Motor Trend loves giving out awards, but its most coveted piece of hardware is undoubtedly its Car of the Year trophy. This year, the golden calipers have been bestowed upon the 2011 Chevrolet Volt.
General Motors' joins a long line of Motor Trend COTY winners that date all the way back to 1949. Last year, the Ford Fusion took home the prize and prior to that, the Nissan GT-R claimed the magazines coveted spot. The Chevrolet Volt is a hard hitter in each of MT's six categories: Advancement in Design, Engineering Excellence, Efficiency, Safety, Value and Performance of Intended Function.
Motor Trend has been a strong champion of the range-extended electric sedan in recent months. The buff book looked past the is-it-just-a-hybrid hoopla and even wrote about how they achieved 127 miles per gallon while putting the car through real world driving conditions. Learn more about why the publication chose the Volt with a video narrated by MT Editor-in-Chief Angus MacKenzie that's located after the jump (warning: auto-play). When you're done checking out the video and the press release, you can learn more about MT's Car of the Year process and finalists here.
Photos copyright ©2010 Chris Paukert / AOL
[Source: Motor Trend]
Announcement Made from Inside GM's Wind Tunnel
El Segundo, Calif. (November 16, 2010) – Motor Trend, the world's automotive authority on cars, trucks and SUVs, announced today the Chevrolet Volt has been named winner of the 2011 Motor Trend Car of the Year Award®. The award, announced live this morning via streaming video on Motortrend.com from within the GM wind tunnel in Warren, Mich. is one of the world's most prestigious automotive accolades.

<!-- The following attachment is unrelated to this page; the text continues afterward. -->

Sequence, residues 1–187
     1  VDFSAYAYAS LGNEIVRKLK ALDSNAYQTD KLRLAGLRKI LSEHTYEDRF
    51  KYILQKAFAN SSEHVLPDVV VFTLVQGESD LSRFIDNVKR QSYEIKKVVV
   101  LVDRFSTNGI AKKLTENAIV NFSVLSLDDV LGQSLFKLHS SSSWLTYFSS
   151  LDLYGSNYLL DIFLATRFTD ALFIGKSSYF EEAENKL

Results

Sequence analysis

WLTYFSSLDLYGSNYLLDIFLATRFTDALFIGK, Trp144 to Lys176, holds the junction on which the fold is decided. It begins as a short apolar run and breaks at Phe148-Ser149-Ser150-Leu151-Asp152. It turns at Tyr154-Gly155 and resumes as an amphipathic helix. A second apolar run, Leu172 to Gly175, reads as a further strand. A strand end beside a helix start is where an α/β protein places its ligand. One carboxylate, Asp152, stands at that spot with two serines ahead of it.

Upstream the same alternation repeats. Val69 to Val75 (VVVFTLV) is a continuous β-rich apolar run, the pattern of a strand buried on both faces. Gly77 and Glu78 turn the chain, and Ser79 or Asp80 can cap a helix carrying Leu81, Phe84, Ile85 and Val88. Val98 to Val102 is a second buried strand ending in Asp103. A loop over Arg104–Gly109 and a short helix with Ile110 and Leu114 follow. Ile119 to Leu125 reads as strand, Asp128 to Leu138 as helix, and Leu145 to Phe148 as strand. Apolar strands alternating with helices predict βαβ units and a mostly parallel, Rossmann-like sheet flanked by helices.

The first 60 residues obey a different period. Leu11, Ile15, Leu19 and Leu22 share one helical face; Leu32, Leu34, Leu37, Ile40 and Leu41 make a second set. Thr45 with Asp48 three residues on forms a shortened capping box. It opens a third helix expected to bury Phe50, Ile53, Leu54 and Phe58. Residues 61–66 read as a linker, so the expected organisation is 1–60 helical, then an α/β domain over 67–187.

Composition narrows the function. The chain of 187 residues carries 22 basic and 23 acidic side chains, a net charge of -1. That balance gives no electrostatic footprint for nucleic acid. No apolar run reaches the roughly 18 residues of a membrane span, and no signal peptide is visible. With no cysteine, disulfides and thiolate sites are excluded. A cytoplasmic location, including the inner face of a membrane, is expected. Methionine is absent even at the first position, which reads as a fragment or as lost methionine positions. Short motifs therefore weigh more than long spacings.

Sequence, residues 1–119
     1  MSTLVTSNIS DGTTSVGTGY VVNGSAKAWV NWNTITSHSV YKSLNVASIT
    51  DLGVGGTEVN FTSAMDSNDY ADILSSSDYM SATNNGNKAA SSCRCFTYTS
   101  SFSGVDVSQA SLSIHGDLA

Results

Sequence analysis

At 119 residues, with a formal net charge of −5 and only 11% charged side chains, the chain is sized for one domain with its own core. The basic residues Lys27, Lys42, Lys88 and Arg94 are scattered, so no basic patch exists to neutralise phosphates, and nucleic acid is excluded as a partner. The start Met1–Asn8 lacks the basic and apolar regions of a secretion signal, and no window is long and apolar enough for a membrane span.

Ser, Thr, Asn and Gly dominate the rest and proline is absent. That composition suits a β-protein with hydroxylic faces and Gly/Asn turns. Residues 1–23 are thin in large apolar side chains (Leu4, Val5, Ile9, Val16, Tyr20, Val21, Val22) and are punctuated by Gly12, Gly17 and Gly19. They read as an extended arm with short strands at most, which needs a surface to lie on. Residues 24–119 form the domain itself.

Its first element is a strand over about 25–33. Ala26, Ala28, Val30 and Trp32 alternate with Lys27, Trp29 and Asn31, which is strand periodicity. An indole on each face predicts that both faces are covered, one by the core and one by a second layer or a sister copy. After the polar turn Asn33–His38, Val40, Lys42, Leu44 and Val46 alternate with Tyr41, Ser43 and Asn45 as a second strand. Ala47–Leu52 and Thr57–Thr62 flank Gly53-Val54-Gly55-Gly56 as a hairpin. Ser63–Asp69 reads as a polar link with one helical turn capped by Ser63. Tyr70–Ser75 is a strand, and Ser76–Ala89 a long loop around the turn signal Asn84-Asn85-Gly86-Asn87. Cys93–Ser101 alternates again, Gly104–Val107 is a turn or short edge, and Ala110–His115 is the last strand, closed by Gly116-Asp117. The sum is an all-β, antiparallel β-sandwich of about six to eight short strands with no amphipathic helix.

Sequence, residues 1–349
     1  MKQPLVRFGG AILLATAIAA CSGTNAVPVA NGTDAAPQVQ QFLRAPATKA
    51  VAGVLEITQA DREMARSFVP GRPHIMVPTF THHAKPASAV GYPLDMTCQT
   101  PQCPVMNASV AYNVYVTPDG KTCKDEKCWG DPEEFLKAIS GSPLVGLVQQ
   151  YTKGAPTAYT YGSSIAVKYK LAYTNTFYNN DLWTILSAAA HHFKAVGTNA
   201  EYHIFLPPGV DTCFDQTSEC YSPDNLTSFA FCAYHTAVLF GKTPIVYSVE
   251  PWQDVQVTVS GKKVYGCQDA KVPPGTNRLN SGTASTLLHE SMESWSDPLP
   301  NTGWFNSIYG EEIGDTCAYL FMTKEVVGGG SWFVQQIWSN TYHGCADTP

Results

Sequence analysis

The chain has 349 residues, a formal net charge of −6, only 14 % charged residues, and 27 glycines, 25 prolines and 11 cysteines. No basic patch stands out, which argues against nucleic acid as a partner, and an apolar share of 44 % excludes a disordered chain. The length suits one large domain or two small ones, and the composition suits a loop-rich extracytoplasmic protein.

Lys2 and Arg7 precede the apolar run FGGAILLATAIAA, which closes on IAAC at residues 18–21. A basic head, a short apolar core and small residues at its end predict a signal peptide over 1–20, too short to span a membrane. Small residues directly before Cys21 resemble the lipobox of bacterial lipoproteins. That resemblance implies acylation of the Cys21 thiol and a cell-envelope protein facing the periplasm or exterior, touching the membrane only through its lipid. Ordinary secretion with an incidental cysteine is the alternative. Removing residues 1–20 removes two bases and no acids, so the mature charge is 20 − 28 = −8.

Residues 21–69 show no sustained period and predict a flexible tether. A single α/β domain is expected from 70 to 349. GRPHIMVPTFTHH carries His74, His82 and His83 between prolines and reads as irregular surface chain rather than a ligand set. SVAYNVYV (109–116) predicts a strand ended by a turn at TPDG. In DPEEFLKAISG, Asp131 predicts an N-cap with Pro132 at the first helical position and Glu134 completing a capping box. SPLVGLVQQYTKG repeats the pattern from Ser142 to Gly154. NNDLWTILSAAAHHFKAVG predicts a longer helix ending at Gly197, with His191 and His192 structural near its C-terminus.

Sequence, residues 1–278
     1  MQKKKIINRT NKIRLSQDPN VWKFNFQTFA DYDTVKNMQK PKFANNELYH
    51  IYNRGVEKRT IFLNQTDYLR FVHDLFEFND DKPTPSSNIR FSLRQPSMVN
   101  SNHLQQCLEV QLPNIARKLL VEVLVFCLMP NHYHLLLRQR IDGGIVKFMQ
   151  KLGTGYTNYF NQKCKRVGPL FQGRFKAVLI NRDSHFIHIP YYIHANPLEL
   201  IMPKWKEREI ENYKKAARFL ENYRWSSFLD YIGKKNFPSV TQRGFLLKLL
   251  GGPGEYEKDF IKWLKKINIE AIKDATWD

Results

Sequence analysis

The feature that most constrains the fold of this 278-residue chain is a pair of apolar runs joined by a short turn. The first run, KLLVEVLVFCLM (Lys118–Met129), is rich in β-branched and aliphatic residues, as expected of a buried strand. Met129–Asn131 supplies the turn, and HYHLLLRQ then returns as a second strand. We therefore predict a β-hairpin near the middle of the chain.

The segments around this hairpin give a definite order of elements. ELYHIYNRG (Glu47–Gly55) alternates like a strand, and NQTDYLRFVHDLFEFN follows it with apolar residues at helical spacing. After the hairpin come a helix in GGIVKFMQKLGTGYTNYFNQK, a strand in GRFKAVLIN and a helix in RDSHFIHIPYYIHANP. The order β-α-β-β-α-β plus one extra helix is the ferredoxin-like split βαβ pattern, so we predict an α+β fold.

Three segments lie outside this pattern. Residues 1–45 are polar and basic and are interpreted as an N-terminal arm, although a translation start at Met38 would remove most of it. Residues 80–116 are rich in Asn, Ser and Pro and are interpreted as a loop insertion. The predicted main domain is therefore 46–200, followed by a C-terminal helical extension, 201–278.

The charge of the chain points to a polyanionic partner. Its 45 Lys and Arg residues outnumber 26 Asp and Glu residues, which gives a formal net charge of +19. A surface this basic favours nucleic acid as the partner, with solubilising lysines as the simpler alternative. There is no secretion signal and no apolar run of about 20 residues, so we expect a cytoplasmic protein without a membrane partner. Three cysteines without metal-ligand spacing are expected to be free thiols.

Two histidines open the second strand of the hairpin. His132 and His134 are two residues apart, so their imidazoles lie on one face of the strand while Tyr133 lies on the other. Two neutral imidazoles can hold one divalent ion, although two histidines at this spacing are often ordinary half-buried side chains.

Described as a breakthrough, game-changing car of the future, the Volt is one of the most significant vehicles to be named Car of the Year in the 61-year history of the award.
"The Volt absolutely delivers on the promise of the vehicle concept as originally outlined by GM, combining the smooth, silent, efficient, low-emissions capability of an electric motor with the range and flexibility of an internal combustion engine," said Angus MacKenzie, Editor-in-Chief of Motor Trend. "It is a fully functional, no-compromise compact automobile that offers consumers real benefits in terms of lower running costs."
The Volt is powered by GM's innovative Voltec propulsion system, which consists of a 16-kW/h lithium-ion battery pack, a 149-hp electric motor, an 84-hp 1.4-liter gasoline engine, and a generator. GM cleverly controls the powerflow between these powertrain elements to give the Volt a 25 to 50 mile range in pure EV mode, and up to 310 additional miles with the internal combustion engine running.
"The more we think about the Volt, the more convinced we are this vehicle represents a real breakthrough," said Mackenzie. "The genius of the Volt's powertrain is that it is actually capable of operating as a pure EV, a series hybrid, or as a parallel hybrid to deliver the best possible efficiency, depending on the user's duty cycle. For want of a better technical descriptor, this is world's first intelligent hybrid. And the investment in the technology that drives this car is also an investment in the long-term future of automaking in America."